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Automation Equipment Support Maintains Continuous Operation for Dairy Crest

A rapid and successful response to a machine breakdown at a busy dairy has led to an enduring relationship between the dairy and the automation equipment manufacturer, which has been formalised into a comprehensive automation equipment service support contract for the entire plant.

Dairy Crest’s Dagenham milk bottling plant services a large part of London, its suburbs and towns to the north, south and east. It processes over 400 million litres of milk a year, nearly a quarter of Dairy Crest’s total output of ‘white milk’ for the whole country. However, it has an on-going plan to increase production significantly, while also reducing costs, improving efficiency and modernising the plant and its process equipment.

The current plant has evolved and developed over many years, and includes equipment transferred from other sites. Machines, parts and components are from a wide range of manufacturers and – almost inevitably – while still functional some of the equipment is now obsolete. Operation is effectively 24/7, so when there is an unscheduled breakdown, no matter how small, it is possible that it will have a knock-on effect on overall productivity.

When Neal Welch of control and automation equipment manufacturer Mitsubishi Electric chose to contact the Dagenham site for a routine introduction, the engineers at Dairy Crest were actually facing a machine breakdown at the time. Neal realised that a quick and effective resolution to the problem in hand would be well received.

“He provided the necessary engineering support and quickly replaced a faulty Profibus module,” recalls Richard Brazier, Dairy Crest’s Utilities Engineer. “Put like that it sounds completely straightforward but in fact it was quite involved and needed some detailed trouble shooting and problem solving in order to trace the issue and resolve it.”

Once everything was back to normal and production was in full swing, a review was conducted and Neal made a number of suggestions for improvements to the site’s plant and equipment.

These included:

  • Fitting new high performance drives to the glycol and Stork chiller condensers to enhance both operational functionality and energy efficiency
  • Replacement of some reliable but obsolete Mitsubishi products
  • Producing a bespoke portable Data Logger to identify improvements to OEE (overall equipment effectiveness)
  • Training and engineering support
  • Some of these suggestions were executed as standalone projects but it soon became clear that the training and technical support could best be addressed as part of an on-going programme.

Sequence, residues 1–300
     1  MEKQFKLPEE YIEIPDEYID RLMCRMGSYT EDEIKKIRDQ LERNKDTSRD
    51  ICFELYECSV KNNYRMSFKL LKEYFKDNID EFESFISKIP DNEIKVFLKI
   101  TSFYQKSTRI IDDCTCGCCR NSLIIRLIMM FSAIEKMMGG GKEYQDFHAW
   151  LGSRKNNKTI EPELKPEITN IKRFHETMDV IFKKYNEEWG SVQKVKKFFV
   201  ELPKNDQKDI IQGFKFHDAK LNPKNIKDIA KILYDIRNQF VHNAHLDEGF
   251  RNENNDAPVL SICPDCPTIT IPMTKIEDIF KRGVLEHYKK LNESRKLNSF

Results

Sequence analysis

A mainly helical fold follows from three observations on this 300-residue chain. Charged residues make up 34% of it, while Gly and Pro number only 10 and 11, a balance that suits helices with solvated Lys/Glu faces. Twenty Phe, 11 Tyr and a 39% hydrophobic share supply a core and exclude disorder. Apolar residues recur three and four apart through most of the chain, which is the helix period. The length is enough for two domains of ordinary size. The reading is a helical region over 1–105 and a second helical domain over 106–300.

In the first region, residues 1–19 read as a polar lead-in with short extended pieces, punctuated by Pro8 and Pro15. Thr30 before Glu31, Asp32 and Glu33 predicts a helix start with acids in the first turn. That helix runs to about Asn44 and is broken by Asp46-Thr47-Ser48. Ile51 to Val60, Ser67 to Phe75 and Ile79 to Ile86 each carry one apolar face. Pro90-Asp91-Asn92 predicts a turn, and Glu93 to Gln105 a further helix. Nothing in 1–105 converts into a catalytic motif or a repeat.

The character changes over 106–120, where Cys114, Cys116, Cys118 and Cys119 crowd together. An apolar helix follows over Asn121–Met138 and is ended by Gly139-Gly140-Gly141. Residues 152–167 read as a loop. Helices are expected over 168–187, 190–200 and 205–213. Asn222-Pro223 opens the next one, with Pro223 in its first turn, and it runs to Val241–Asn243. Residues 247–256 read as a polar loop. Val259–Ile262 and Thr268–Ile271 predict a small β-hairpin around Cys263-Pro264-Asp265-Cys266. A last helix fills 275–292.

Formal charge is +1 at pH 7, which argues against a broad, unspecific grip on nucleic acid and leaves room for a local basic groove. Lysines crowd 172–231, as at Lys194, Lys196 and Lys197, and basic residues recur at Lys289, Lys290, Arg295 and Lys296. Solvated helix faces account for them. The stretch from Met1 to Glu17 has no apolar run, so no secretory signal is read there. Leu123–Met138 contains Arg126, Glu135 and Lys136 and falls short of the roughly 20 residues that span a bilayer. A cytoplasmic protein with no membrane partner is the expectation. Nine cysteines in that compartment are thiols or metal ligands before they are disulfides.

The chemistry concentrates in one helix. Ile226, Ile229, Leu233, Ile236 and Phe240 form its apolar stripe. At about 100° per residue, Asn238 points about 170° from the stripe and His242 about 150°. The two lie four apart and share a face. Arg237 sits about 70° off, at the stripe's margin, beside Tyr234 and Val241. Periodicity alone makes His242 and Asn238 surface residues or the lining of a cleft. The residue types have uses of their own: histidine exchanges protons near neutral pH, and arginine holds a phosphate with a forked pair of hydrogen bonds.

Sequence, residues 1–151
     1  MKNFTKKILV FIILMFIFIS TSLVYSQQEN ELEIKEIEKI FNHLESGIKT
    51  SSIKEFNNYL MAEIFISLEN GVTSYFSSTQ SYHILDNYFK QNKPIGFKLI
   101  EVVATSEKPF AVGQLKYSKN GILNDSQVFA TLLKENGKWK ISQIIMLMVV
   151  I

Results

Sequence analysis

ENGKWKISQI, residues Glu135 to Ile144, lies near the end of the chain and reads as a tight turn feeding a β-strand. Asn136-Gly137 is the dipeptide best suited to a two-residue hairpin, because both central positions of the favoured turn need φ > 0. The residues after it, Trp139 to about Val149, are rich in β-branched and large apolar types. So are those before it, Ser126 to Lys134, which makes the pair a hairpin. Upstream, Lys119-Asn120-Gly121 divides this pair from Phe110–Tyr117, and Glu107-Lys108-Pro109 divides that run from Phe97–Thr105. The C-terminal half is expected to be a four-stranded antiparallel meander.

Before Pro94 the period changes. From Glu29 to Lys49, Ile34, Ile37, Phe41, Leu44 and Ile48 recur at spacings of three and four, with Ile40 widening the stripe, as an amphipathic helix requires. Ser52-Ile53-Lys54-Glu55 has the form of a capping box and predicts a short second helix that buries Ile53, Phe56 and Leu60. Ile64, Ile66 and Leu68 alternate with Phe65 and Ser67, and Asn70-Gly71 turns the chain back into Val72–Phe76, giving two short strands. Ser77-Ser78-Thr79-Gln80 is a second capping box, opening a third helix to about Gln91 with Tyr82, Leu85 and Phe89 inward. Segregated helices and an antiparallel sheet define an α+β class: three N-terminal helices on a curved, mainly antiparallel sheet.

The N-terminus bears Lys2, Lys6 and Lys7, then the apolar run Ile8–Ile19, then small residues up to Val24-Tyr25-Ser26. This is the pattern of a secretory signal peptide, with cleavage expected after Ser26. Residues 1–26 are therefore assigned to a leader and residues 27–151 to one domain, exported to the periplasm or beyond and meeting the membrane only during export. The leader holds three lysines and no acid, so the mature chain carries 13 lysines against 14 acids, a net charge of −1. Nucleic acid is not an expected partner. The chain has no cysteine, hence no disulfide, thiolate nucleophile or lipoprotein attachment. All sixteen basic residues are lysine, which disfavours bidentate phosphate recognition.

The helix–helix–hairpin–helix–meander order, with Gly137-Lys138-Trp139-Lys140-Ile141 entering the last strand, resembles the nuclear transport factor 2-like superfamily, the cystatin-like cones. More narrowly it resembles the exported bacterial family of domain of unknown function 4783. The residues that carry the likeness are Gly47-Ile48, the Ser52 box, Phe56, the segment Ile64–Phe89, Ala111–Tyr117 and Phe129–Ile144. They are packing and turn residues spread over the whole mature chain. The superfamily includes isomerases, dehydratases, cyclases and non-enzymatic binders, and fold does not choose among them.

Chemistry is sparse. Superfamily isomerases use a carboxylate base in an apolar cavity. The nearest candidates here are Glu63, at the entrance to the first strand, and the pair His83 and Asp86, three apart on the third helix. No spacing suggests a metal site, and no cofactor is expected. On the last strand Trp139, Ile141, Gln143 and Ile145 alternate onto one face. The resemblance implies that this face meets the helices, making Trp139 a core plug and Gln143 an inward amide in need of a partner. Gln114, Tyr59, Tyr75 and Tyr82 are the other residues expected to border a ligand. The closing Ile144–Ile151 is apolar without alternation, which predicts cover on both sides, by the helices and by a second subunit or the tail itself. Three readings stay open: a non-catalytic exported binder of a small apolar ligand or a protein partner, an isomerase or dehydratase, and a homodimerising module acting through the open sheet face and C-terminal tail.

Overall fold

“Mitsubishi Electric has long been aware of the importance of providing structured support to its customers, and has developed a sophisticated choice of options which are offered as a range of customisable service contracts so that each customer gets exactly the support it needs,” explains Neal.

After a thorough site survey and some high level discussions about future development plans, Dairy Crest, Dagenham decided that Mitsubishi Electric’s Gold Standard Three-Diamond service contract was the best option for them.

The contract provides 24×7 coverage in terms of a telephone helpline; dedicated support engineers, who are fully conversant with the plant and committed to getting on site quickly when required; plus bonded stock profiled to the needs of the customer’s facilities.

“Our contract covers all automation equipment, whether it is made by Mitsubishi Electric or not,” says Richard. “So the Mitsubishi Electric engineers have to know their way around several makes of drive, PLC and HMI, software suites and communications protocols.”

In fact it was not long until the mettle of the Gold Standard contract was tested, when a critical PLC failed during production. Diary Crest had a spare in store and its own engineering team fitted it but they then realised that there was no back up program code on site – so the system could not run.

Fortunately, the Gold service initial survey includes the backing up all program code. A new barcode reference system called Device ID (DID) had also been introduced, allowing the backed up code to be matched to a specific PLC and meant that the faulty PLC was quickly identified, the correct program code emailed across to the site and installed – as a result the line was up and running within 10 minutes of the service provider being alerted to the problem!

Richard sums up: “The fundamental idea behind our Three Diamond Service contract is that we keep our plant running and avoid issues like different vendors blaming others and passing the buck from one to the other. Unscheduled downtime can be extremely expensive in a milk plant of this size but our structured service contract paid for itself very quickly. Now our dairy’s engineers are working with Mitsubishi Electric on a number of exciting new projects to bring further benefits.”

Process Industry Informer

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